reflections one year of my photographic journey by milmon f. harrison

STORY

This is a little story about a few of the photographs I created over the past year. In my photography practice I try to always bring my heart as well as my head to the work. To do what photographer, teacher, and author David DuChemin describes as making photographic art, an aesthetic craft "accomplished through technical means." I hold to my faith that with time and practice the technique will come and will improve; in the meantime, my job is to make pictures, lots of them. I think of myself as "just an ordinary man striving to do extraordinary work." That is the guiding principle behind my work as a photographer and artist. That is my mission statement and North Star. I want to do work that transcends myself and my own experience, tapping into something universally relatable, while fully expressing my own vision, or intention, as an individual. No more, no less. So simple, yet so hard.

"Mr. Hitchcock" - Taken December 13, 2016. Marin Headlands National Park. Marin County, CA

I was CHALLENGED

In the past year I found myself greatly challenged, especially in terms of finding time to learn more about the art and craft of photography and in finding time to practice. Job and everyday life demands made it hard to stop and go shooting any time I felt the pull or happened upon a potentially great image as I walked or drove around. I did manage, however, to carve out a bit of time here and there for myself to pursue this passion of mine. It was hard but I got it done.

I learned

I learned some things about myself, though. For example, I learned just how much I am committed to this practice and process of art making; it's not just a passing fancy but something I actually needed to do for my own well-being, sense of completeness, and survival. I found I needed to create, especially in times when words failed me as they often did in light of so many of the events and experiences of 2016. Another thing I learned was how much photography has helped me to think about and express my appreciation for my environment, where I live, rather than romanticizing and longing for far-off places. It's amazing how I realized my love for Northern California through photographing sites and things I've come to take for granted because I see them every day. There's definitely something more profound to be said about this part of the process, but I'm not able to put it into words just yet. I do think this is an extension of my academic training as a sociologist who appreciates everyday interaction and shared meanings as the basis for human societies. I have a fascination with "vernacular" structures, such as ordinary bridges, fields, and highways, and not just big-name tourist attractions as my subjects. I think observation and the search for deep meaning in the mundane has shaped my photography as it has shaped my education, my research, and my teaching all these years. At least I hope it has.

"No. 4" - Taken September 17, 2016. County Rd. 22, Between Sacramento and Woodland, CA.

new forms

In 2016 I embraced a few photographic forms that I have come to really like: Monochromatic (Black & White and Sepia), Still Life, and Portraiture. Several of the photos below are examples of more than one of these forms.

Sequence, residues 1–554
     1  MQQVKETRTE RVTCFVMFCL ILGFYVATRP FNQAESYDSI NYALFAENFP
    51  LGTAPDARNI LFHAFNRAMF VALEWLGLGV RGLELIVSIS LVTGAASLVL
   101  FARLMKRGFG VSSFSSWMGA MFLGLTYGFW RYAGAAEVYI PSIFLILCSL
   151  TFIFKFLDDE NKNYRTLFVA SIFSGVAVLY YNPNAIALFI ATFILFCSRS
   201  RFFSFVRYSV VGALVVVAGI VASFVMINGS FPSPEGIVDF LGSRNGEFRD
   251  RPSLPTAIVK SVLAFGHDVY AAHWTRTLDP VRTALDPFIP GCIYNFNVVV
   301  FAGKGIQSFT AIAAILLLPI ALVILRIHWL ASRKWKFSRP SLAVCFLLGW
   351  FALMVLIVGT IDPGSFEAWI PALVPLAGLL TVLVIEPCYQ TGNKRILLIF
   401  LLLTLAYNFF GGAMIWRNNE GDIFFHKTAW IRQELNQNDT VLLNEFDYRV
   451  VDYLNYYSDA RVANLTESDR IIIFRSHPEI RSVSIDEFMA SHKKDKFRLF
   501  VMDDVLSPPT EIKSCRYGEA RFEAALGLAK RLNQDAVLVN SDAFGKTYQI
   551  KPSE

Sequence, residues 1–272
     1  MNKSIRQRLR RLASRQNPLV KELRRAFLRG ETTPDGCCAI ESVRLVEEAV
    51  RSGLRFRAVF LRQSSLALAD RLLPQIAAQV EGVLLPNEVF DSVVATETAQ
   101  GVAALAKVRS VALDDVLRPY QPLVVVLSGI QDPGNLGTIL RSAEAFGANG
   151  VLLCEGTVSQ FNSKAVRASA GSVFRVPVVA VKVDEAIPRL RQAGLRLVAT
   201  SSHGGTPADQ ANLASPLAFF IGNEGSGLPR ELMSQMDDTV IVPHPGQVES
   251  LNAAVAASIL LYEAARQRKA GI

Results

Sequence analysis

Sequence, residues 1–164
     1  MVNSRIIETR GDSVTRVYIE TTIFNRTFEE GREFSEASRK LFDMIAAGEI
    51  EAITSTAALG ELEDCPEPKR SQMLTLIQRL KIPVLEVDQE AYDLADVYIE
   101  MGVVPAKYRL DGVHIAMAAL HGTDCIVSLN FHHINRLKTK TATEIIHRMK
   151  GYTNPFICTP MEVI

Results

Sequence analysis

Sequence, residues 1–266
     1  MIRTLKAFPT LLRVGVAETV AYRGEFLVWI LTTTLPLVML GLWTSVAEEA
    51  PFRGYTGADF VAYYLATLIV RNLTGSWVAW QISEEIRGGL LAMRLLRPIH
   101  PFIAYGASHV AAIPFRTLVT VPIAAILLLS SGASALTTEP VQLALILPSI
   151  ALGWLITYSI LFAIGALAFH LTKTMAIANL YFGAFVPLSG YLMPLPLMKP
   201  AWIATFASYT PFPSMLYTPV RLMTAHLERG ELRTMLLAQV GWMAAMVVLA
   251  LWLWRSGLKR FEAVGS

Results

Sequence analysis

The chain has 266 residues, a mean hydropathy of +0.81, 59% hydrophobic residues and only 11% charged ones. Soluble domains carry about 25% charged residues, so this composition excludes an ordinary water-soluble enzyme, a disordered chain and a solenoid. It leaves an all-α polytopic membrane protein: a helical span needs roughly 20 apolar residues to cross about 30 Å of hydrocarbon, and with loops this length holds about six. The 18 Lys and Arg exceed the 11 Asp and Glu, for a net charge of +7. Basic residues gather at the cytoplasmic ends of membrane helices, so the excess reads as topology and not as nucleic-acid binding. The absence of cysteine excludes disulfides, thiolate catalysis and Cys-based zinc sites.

A few examples of black & white, still life, and/or portrait photography

"Impressions"

Some of my favorite photos of the year were what I would refer to as "impressionistic." That is they are images that evoked something–a thought, a feeling, a concept–beyond what is represented literally. I am drawn to what some people call "contemplative" photography: a kind of meditative practice in which the photographer is encouraged to try to capture a flash of perception, being less concerned with traditional rules and constraints of the discipline of photography and going for a representation of the truth of the situation as he/she experienced it. The photo below of petals floating on my swimming pool one afternoon is an example of something that just caught my eye and spoke to me, called to me as it were. This is where I find the most joy in my photographic practice and want to find my way back to this more meditative way of expressing what I see and feel.

"Petals" - Taken February 26, 2016 (my back yard pool)

The images below are some of my favorites taken in 2016 because of what they meant to me. Although I think that there are always places I might have made better technical decisions, these were images that spoke to me in some way or another.

A few of my favorite images from 2016

Come, 2017

I look forward to continuing on this journey of discovery and creativity. It is vitally important that I hang on to my conviction that my photos have to mean something to me, not just receive "likes" on social media. I struggle with keeping what followers will or will not find interesting or good out of my thoughts and artistic decisions. Instead, I go about the work of seeing and trying to capture the truth of what I'm experiencing so I can share that clearly and honestly. In the new year I am renewing my challenge to myself to hold on to my own vision, even if my photos are not as technically faultless as I would have them be. That is my promise to myself and to those who view my work.

"Last Shot of the Day" - Taken December 13, 2016. Fort Baker, Sausalito, CA.
"Boats, Night, Sky" - Taken December 30, 2016. Lake Merritt Boathouse, Oakland, CA.
"Lone Tree, Fields, and Mountains" - Taken January 6, 2017. California State Highway 113 (Between Woodland and Davis)

thank you!

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Created By
Milmon Harrison
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Credits:

All photographs were taken by Milmon F. Harrison. Please do not use without permission.

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